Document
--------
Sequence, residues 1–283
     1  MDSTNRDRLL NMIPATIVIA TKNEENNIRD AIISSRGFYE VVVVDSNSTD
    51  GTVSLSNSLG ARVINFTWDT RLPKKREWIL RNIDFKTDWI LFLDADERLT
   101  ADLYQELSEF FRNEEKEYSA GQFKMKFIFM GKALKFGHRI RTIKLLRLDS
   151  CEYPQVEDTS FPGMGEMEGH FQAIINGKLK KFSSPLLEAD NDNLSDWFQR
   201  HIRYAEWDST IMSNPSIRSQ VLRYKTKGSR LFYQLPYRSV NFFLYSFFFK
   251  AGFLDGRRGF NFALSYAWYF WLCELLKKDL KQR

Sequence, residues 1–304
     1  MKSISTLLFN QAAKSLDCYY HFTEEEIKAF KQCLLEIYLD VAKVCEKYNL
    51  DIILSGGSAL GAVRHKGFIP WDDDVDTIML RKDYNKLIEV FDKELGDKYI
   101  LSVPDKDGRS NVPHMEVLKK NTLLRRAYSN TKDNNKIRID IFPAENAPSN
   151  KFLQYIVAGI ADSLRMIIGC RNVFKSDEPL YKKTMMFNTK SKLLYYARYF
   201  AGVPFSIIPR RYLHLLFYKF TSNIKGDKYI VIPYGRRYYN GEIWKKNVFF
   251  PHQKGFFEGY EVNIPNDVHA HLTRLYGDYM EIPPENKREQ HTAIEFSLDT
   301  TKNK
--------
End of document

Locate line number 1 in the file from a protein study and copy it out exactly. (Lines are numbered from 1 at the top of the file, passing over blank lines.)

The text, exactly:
Sequence, residues 1–283